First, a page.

• Dr. Jitendra Katre

Why infrared images are not always sharp?

Here is an image that I shot from a moving vehicle. I made it sure to keep the shutter speed as high as possible to get the shot sharp. But did I get it sharp?

Maybe at this smaller dimensions it looks sharp, but when printed at large size, it is not very sharp. Problem lies in the lens. The lenses are not designed to be used with infrared cameras, they are made to handle visible light and not infrared light. Infrared light behaves differently, it is bent at different angles than that of normal light. If only infrared light is used to make the picture, as in the case of 850nm filter, the image will look sharp. However, if some part of visible light is also used to make the picture, as in the picture seen above using 590nm filter, visible light and infrared part of light is bent differently. This results in gross fringing and image doesn't look as sharp.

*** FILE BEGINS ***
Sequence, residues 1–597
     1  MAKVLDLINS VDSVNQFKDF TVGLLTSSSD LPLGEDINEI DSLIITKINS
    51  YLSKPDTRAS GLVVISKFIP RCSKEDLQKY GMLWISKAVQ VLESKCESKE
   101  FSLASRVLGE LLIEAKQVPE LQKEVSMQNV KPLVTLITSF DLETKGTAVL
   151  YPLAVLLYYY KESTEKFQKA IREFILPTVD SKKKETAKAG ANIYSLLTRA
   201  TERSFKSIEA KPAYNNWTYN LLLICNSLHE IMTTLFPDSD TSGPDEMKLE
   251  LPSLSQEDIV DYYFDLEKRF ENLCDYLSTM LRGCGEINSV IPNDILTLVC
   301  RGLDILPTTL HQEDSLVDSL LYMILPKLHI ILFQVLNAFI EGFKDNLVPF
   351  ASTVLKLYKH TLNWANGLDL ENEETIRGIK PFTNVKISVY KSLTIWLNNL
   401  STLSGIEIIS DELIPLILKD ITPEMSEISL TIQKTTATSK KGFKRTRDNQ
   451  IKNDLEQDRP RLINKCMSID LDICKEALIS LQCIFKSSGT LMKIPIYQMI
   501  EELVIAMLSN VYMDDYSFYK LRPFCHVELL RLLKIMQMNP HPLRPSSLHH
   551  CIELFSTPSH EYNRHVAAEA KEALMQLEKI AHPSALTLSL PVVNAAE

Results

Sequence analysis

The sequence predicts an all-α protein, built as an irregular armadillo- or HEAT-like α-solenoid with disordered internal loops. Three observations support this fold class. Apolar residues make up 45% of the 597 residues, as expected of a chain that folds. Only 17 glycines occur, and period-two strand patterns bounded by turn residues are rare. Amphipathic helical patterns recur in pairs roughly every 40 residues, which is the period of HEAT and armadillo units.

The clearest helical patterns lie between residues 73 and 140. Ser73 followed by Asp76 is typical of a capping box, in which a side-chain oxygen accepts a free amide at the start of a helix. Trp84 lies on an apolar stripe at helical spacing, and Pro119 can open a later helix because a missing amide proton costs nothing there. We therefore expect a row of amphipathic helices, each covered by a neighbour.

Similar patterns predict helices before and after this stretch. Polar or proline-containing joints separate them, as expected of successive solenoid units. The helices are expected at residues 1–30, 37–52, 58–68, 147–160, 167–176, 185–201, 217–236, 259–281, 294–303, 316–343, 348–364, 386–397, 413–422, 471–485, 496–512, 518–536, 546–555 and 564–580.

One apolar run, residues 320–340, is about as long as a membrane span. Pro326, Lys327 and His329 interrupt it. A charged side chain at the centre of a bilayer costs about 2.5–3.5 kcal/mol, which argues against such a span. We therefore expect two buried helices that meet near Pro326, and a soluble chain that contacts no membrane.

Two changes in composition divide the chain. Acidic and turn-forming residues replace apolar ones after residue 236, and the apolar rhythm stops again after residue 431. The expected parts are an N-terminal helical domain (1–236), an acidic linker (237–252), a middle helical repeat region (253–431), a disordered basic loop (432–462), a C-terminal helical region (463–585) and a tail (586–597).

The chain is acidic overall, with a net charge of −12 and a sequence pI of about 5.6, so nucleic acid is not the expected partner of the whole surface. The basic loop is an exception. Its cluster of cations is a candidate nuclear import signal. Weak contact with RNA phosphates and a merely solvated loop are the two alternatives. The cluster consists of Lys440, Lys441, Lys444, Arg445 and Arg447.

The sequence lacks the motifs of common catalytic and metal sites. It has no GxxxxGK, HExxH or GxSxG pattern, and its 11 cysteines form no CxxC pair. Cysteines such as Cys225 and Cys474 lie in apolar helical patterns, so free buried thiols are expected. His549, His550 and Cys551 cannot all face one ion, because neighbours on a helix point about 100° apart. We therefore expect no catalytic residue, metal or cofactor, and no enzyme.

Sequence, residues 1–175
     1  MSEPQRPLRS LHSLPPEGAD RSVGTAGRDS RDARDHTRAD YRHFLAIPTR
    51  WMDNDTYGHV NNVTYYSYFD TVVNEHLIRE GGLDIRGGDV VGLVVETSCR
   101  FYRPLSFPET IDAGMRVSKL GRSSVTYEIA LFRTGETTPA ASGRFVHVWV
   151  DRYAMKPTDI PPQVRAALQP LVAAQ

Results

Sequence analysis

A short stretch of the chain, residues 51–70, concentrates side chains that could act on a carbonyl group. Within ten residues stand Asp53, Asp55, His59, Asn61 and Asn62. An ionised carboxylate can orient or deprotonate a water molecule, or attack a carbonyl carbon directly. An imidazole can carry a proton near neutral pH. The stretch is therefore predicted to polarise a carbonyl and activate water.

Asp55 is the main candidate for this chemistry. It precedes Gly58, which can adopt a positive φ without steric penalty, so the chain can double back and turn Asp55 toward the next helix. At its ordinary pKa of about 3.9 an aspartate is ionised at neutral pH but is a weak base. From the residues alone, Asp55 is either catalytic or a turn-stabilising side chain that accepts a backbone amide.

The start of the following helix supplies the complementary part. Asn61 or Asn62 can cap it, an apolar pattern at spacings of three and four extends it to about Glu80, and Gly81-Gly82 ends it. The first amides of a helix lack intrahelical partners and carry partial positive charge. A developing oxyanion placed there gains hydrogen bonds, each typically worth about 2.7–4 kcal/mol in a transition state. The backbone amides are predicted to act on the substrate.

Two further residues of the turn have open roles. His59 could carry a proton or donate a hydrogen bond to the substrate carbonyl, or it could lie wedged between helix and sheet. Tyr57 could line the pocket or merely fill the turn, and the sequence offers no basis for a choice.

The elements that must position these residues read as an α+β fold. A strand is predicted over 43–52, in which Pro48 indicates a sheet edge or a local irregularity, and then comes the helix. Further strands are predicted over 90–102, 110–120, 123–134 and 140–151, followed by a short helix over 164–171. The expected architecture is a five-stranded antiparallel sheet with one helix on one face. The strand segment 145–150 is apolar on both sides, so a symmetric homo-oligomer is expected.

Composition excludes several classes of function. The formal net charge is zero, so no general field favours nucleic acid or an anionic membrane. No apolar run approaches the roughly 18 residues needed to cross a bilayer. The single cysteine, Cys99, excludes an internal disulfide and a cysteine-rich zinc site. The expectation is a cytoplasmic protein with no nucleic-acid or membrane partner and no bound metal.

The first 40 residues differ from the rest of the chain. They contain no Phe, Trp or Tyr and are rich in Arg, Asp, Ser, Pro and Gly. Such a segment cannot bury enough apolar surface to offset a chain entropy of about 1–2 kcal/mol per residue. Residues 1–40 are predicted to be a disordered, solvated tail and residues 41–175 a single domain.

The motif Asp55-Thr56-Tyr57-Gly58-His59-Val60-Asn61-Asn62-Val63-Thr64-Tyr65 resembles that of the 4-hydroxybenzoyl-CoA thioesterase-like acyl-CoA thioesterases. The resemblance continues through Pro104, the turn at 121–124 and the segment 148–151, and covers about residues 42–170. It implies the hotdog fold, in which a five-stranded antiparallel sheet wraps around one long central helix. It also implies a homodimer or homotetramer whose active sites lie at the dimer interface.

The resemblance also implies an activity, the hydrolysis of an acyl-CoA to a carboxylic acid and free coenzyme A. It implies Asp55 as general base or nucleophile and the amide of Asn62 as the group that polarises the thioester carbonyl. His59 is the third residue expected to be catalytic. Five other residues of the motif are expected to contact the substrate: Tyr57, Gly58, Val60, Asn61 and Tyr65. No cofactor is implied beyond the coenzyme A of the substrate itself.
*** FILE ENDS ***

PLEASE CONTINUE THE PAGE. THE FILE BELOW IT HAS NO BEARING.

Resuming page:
Below is a crop from the picture above.

This problem is much more pronounced near the edges of the picture. Cheaper kit lenses tend to be more soft than better made, expensive lenses. This chromatic aberration can be handled to some extent during post-processing, but it is very difficult.

This image is also shot using 590nm filter, however, this time it was Canon 16-35 f4 lens, a much better made lens than a kit lens. As you can see, image is much sharper and there is hardly any chromatic aberration.

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